One advantage Estrada may have going for him could be an unwillingness among Democrats to reject a Hispanic judicial candidate. If confirmed, he would not only be the highest-ranking Hispanic federal judge in the country, but also earn a place on Bush's shortlist for any Supreme Court vacancy. 

"In this month in which we honor the achievement of Hispanic Americans, I can think of no greater or more meaningful gesture of honor than for the United States to confirm this person of ultimate qualification," Attorney General John Ashcroft said Wednesday during a Justice Department event commemorating National Hispanic Heritage Month. 

Estrada, however, doesn't want to be a symbol for Hispanic achievement, judicial conservatism or Republican diversity. He would prefer to just stick to his story. 

Born in Honduras, Estrada came to America at age 17 speaking serviceable English. He attended private high school and graduated with honors from Columbia University in New York. He then went to Harvard Law School, where he also graduated with honors while editing the law review. 

He served for five years as deputy solicitor general in the Justice Department before entering private practice. 

Bush on Wednesday called Estrada a "fine man" and an "excellent lawyer," and said he should be confirmed. 

"The Senate should not play politics with this nomination for he will be an outstanding judge," the president said at a GOP Senate fund-raiser. 

But Hispanic groups are split on the nomination. The Congressional Hispanic Caucus and the Mexican American Legal Defense and Educational Fund oppose Estrada. The U.S. Hispanic Chamber of Commerce, the Latino Coalition and the League of United Latin American Citizens all support him and have lobbied heavily for him over the past few months.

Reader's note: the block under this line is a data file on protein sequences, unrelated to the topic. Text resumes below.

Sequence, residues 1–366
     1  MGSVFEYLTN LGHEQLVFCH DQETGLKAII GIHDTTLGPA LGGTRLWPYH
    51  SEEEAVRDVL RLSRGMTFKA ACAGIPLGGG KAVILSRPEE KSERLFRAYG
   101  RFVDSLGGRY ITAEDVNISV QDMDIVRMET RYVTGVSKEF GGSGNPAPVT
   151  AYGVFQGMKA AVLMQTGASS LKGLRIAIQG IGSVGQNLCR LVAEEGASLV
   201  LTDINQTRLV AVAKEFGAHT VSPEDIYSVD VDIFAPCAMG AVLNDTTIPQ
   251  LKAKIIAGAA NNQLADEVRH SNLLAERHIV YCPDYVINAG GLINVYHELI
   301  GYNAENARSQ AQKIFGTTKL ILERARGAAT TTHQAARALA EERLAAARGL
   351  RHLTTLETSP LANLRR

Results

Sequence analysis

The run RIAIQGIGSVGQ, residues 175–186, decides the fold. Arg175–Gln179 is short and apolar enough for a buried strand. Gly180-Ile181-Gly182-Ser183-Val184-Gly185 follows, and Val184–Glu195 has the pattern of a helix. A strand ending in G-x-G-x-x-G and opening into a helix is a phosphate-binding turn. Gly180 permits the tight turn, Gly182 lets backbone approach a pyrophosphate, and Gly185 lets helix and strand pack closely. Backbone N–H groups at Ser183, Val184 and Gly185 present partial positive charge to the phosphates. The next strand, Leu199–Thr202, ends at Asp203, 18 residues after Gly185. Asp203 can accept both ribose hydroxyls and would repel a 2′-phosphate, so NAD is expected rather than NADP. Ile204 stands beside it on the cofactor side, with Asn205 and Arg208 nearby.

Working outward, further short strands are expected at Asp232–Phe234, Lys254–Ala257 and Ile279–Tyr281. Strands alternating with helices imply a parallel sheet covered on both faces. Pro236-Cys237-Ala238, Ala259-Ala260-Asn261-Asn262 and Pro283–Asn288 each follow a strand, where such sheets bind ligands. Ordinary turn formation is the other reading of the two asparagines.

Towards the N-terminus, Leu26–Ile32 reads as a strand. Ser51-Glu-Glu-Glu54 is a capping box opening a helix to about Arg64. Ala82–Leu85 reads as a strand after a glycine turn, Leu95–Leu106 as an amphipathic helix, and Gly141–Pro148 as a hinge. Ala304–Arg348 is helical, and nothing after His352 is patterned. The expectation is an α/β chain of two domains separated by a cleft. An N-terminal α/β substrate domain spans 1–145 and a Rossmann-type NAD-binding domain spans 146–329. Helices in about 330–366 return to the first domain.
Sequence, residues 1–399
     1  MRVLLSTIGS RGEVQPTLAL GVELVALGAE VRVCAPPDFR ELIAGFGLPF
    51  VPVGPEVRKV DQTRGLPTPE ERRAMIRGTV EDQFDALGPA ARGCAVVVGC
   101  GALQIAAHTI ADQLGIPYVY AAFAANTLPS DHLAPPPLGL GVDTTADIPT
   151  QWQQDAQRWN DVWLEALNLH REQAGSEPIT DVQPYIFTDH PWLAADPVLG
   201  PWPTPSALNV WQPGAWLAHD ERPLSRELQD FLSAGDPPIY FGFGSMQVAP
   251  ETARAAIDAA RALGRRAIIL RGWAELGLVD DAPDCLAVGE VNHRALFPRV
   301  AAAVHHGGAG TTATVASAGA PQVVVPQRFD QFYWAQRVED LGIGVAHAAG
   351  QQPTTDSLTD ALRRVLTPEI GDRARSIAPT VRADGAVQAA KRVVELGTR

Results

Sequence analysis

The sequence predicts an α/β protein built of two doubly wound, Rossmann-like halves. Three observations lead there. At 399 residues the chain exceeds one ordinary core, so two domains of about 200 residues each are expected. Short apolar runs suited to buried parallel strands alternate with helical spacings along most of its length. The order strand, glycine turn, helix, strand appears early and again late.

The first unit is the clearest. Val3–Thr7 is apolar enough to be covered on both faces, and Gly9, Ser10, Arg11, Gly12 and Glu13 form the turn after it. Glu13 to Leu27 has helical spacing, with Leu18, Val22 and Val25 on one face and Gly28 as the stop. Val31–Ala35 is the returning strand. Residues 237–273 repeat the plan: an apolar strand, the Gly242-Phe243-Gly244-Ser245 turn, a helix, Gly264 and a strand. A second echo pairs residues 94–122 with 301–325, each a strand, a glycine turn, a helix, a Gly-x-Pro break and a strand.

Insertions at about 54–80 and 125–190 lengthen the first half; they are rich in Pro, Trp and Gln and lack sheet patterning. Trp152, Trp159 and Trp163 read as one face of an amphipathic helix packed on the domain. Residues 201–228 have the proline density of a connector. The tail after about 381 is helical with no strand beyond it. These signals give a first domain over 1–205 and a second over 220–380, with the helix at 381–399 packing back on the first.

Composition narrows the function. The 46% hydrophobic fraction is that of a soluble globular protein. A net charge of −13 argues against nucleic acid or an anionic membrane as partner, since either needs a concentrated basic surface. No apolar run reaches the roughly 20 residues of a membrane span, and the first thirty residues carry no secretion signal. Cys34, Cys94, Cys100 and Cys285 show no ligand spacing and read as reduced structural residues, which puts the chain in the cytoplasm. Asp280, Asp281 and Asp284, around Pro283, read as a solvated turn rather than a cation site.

If Estrada is confirmed -- and Democrats have not yet set a date for a committee vote -- he will be the first judge confirmed for the D.C. appeals court in five years, and will fill one of four vacancies on the 12-member panel. 

The court, considered one of the most important courts in America, decides cases that determine how federal agencies regulate topics like gas prices, clean air and water, labor practices and campaign finance reform. 

It is currently split four-to-four between Republican and Democratic appointees. 

If defeated, Estrada would be the third Bush nominee rejected this year -- three times the number rejected during the eight-year Clinton presidency. 

Arguing that Bush's nominees are too partisan for the federal bench, Democrats already have rejected Bush nominees U.S. District Court Judge Charles Pickering of Mississippi and Texas Supreme Court Justice Priscilla Owen for the 5th Circuit Court. 

Administration officials say that if Estrada fails to be confirmed, he will become a symbol for Democratic treatment of Bush judicial nominees. 

"Unfortunately, the nominating process for judges has become increasingly partisan, and the president regrets that," said White House spokesman Ari Fleischer said Thursday. "Miguel Estrada is an outstanding nominee. The president strongly supports him and he hopes he will be passed." 

Fox News' Major Garrett and the Associated Press contributed to this report.